3 December 2022

Wagga TAFE steps up to train next generation of cybercrime super sleuths

| Katrina Condie
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George Holt at computer

TAFE NSW Wagga Wagga head teacher of IT George Holt says the cyber security sector is going through an unprecedented jobs boom. Photo: TAFE NSW.

Riverina computer nerds will have an opportunity to use their skills to fight internet crime as TAFE NSW Wagga Wagga steps up efforts to train the next generation of cyber security professionals to help protect locals from the growing online threat.

Amid surging online crime and an increased demand for trained graduates in the field, the campus will offer a range of information technology courses in semester one, 2023.

It comes after an alarming spate of cyber security attacks in recent months – including data breaches at Optus and Medibank – prompting Federal Minister for Cyber Security Clare O’Neil to recently declare: “We are going to be under relentless cyber-attack, essentially from hereon in.”

Cyber crime cost Australia $30 billion last year and the high-profile data breaches have highlighted how real that threat is.

Data from the National Skills Commission has projected another 30,000 cyber professionals are needed nationwide by 2024.

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TAFE NSW Wagga Wagga head teacher of information technology George Holt said the changing risk landscape had prompted TAFE NSW to ensure cyber security units were now embedded in all information technology courses.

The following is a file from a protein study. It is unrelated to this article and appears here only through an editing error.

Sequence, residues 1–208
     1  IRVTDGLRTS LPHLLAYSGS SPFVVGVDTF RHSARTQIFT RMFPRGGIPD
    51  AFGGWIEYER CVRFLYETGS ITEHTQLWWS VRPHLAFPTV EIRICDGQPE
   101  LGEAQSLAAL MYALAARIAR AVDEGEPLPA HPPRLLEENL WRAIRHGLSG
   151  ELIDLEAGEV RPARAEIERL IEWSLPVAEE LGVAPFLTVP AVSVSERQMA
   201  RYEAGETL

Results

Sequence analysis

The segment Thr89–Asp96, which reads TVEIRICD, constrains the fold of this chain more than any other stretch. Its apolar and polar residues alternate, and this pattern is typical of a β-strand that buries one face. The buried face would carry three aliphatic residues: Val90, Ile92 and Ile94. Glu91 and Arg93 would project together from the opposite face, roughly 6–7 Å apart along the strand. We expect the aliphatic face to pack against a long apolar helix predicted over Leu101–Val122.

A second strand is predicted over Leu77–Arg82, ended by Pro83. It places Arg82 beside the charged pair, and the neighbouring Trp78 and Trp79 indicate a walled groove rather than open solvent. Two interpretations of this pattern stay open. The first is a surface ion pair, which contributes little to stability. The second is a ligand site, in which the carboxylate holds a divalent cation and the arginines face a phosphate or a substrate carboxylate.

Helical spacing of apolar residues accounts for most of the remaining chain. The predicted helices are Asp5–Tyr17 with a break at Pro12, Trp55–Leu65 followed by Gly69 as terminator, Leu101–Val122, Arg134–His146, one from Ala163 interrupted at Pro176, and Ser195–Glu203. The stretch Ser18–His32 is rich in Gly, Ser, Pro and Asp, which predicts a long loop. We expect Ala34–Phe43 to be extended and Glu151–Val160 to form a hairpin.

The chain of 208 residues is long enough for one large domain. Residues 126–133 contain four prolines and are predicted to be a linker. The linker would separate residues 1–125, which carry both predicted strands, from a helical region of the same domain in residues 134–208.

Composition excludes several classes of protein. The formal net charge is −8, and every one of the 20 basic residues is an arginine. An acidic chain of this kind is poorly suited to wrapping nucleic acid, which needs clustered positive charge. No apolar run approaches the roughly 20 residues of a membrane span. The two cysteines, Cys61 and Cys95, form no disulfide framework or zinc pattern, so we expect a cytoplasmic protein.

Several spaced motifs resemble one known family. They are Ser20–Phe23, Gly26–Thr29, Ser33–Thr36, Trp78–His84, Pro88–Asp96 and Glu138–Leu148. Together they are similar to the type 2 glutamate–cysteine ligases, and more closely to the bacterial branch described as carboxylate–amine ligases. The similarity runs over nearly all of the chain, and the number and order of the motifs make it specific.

“The cyber security threat is continuous, large scale and widespread,” Mr Holt said.

“That’s why TAFE NSW, as Australia’s largest vocational education and training provider, is focused on giving cyber security graduates the practical skills and experience to make an immediate impact on the workplace.

“Demand for our graduates has never been higher and it’s a great time to enter the industry.”

TAFE NSW’s strong focus on cyber security has won the support of the nation’s largest professional ICT body, with Australian Computer Society NSW chair, Helen McHugh, saying training providers were a critical part of the puzzle.

“As the chair of ACS NSW, a veteran of the industry and a devotee of lifelong learning, as well as having been a TAFE student, I can highly commend this initiative,” Ms McHugh said.

“Vocational training is one of the tools in our ICT ecosystem development tool kit. TAFE NSW has a strong history of delivering excellent vocational training in many areas and so now offering cyber security training in their IT programs helps the NSW and Australian economy with ready-to-go cyber security technicians.”

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TAFE NSW Wagga Wagga Certificate IV in Cyber Security student Archie Dengate is on his third IT qualification at TAFE NSW and said he was eyeing a career in the booming cyber security field.

“It’s such an exciting field to be in with everything going on,” Mr Dengate said.

“The TAFE NSW courses have been very hands-on and you get to play around with some cool equipment.

“The teachers have been amazing and that face-to-face learning environment is so beneficial.”

Minister O’Neil says governments around the world are stepping up the fight against cybercrime and the Australian Government is joining them.

“The criminals we are up against have adapted their ways and so are we,” she said.

“The smartest and toughest people in our country are going to hack the hackers.”

TAFE NSW Wagga Wagga is the largest campus in the Riverina area offering courses up to advanced diploma level.

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